changer in publishing to have happened in the past several years. Physical
bookstores are slowly being replaced in the digital world of booksellers. These
books are made from paper. They are electronic. They are called ebooks. By now
most people will have heard about Kindle, iphone, ipad, Nook, Sony and other
readers that allow readers to download books and read them from a computer or
smart phone. Millions of people have bought one of these devices and have
downloaded books on them. Kindle is the clear winning horse so far in this
One feature of the current
climate in Thailand is that rather than trying to see another sides point of
view, people seeking such an examination are shouted down. The heightened state
of emotion translates as either you are on one side or the other. If you try to
seek nuance you may be attacked as being pro-government or pro-red, depending on
what incident, statement, rumour, or policy you choose to examine.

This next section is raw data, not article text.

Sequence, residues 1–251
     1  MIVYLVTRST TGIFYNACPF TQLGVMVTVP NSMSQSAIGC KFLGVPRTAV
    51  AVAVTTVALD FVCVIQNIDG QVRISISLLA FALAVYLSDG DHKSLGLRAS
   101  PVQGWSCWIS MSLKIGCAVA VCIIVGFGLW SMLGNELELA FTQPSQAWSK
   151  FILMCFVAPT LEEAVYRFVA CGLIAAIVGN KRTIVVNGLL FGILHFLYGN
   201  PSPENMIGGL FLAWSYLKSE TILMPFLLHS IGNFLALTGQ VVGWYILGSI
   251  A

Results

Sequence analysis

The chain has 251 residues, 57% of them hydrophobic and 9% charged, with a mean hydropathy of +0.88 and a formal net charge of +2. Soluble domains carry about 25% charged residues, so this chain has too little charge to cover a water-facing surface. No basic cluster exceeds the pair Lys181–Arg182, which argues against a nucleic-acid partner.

This is a difficult time
for free speech. The only speech recognized as free is that speech which
supports the side of the argument. The reality is that free speech means you dig
into the facts and circumstances and try to keep the emotions out of that
search. Perhaps what has happened is so close, raw, and open that even though
fires are out, the anger, hatred and outrage continue to burn.
Introspection is a valuable asset
in the governed as well as in those who govern them. Introspection along with
consensus is a good definition of how the engines of democracy work. But in 2010
introspection and consensus are threatened with extinction and this is happening
just before the public conversation that needs to be had if people are going to
move on. Otherwise we will risk being permanently stranded in the dead zone
between existential nihilism and sophism with no peaceful exit.
For the last week Ive lived near
one of the front line areas in the conflict between the Government/Military and
the Red Shirted protesters. On 15th, 16th and 17th May I walked along Rama IV,
filming and talking with Red shirt supporters, protesters, onlookers. It was a
mixed bag of people of varying degrees of commitment to the Red causewhatever
that might beas the policies and principles appear to be fractured among a
number of factions. There are those wishing to reinstall Thaksin as prime
minister. Others are bound by a larger social justice and equality
On Monday 17th May I
returned to film and interview people whod gathered in and along Rama IV Road